Viennese researchers investigate the history of Tibetan philosophy

Klaus-Dieter Mathes’ most important sources are manuscripts and blockprints on Tibetan Buddhism.
Klaus-Dieter Mathes’ most important sources are manuscripts and blockprints on Tibetan Buddhism. Source: FWF

The mahāmudrā yoga and meditation techniques have been attracting worldwide interest for some time. “In the intellectual history of Tibet, these traditions played a crucial role”, explains Klaus-Dieter Mathes from the University of Vienna. Since 2012, the Tibetologist has been studying important works by influential masters of Tibetan Buddhism within the context of an FWF project and has thus performed valuable groundwork.

Processing traditional sources of history

The researcher’s most important sources are old manuscripts from the 15th and 16th centuries, many of which Klaus-Dieter Mathes studied on the spot and saved on microfilm himself in the 1990s, when he headed the Nepal Research Centre. Since the Tibetan government went into exile, several of these centuries-old texts have only been accessible in Tibetan enclaves located in the North of Nepal. In close co-operation with Indologists, Buddhologists and Tibetan scholars, a team headed by Mathes has now identified and critically edited Tibetan Buddhist works and compared them with their Indian originals to the extent these were available. As there existed no previous systematic analysis of the texts about mahāmudrā, nor an attempt to investigate the development and complex relationship of this body of teaching with earlier tendencies in Indian Buddhism, these studies represent an important contribution to the history of Tibetan philosophy.

Many of the old scriptures (sutras) were produced using the woodblock printing method. The oblong loose sheets are stored between two thick wooden book covers and wrapped in fabric.
Many of the old scriptures (sutras) were produced using the woodblock printing method. The oblong loose sheets are stored between two thick wooden book covers and wrapped in fabric. Source: FWF

Emptiness as a central element of the Buddhist world view

The term mahāmudrā comes from Sanskrit and literally translates as “great seal”. The “seal” represents emptiness or the absence of inherent existence, and its greatness is a consequence of its being the true nature of all phenomena. The realization of emptiness brings great bliss. In this way mahāmudrā also represents the Buddha’s unity of bliss and emptiness. “We have been studying how emptiness and dependent arising were interpreted in the post-classical era of Buddhism”, Mathes notes. These two central aspects condition one another. In Buddhist teaching, ‘dependent arising’ signifies that the world is a system of dynamic interaction. Everything exists only in relation to other things, which reduces the importance of the self.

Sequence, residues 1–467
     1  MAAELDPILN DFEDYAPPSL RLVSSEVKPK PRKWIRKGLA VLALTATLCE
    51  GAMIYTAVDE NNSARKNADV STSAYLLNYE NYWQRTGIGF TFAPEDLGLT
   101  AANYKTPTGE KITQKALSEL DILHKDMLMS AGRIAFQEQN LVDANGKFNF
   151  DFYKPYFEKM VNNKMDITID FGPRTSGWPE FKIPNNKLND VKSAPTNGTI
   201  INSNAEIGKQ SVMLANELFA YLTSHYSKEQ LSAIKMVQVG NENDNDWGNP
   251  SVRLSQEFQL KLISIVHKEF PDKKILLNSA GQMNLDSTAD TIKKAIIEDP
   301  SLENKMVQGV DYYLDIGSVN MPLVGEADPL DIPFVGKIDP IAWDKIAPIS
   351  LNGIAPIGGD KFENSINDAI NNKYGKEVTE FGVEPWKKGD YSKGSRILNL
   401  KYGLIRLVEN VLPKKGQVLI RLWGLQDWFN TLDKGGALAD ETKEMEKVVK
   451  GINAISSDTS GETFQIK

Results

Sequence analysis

Buddha nature – the potential of all beings

From this emptiness is established. For, it is only the absence of inherent existence, i.e. the emptiness of own-nature, which enables things to interact with each other in the first place. The recognition of emptiness brings the realisation of the true nature of one’s own mind or so-called Buddha nature. Although the Buddha virtues, limitless love and wisdom, have forever been connected with the personality stream of every living being, they are usually impossible to realise because of external spiritual “stains” such as ignorance, craving or hatred. Scholars like to compare the realisation of the Buddha nature with the image of agitated water which appears muddied. Through the practice of meditation, the mud will settle and the purity of the water becomes apparent. The notion of “emptiness of other” is used in this context, meaning that the Buddha nature is devoid of external impurities and that such impurities do not touch the true nature of mind.

The heyday of mahāmudrā tradition

The philosophy based on mahāmudrā was taught systematically mainly in the Bka’ brgyud schools of Tibet from the 15th and 16th centuries onward. At that time, the Bka’ brgyud pas held economic and political power, and some of the rulers of central Tibet came from their ranks. “During that period there was a great deal of dialogue and exchange between different schools”, notes Mathes. “Discussions were held at a high level about the various forms of emptiness.” In the project, the international team headed by Klaus-Dieter Mathes investigated what schools of thought existed and which positions were taken by individual authors. In the process, the scientists from the University of Vienna were also able to answer fundamental questions of philosophy and religion, such as the relationship between the profane and the sacred. As of the 17th century, the Bka’ brgyud pas lost their influential position, and thus the mahāmudrā tradition became endangered as the monasterial universities forfeited their material underpinning.

Personal details

Since 2010, Klaus-Dieter Mathes has been teaching and conducting research at the University of Vienna, where he heads the Department of South Asian, Tibetan and Buddhist Studies. Mathes previously held a position at the University of Hamburg, inter alia as head of the Nepal Research Centre. The Tibetologist has stayed in Nepal frequently and owns a valuable collection of manuscripts and blockprints on Tibetan Buddhism.


The book Toward a History of Tibetan Mahāmudrā Traditions summarises the results of the FWF project and is due to be published in the series Zentralasiatische Studien, Nr. 44.
Klaus-Dieter Mathes: A Fine Blend of Mahāmudrā and Madhyamaka: Maitrīpa’s Collection of Texts on Non-conceptual Realization (Amanasikāra), in: Beiträge zur Kultur- und Geistesgeschichte Asiens, Nr. 90, Wien: Verlag der Österreichischen Akademie der Wissenschaften 2015.

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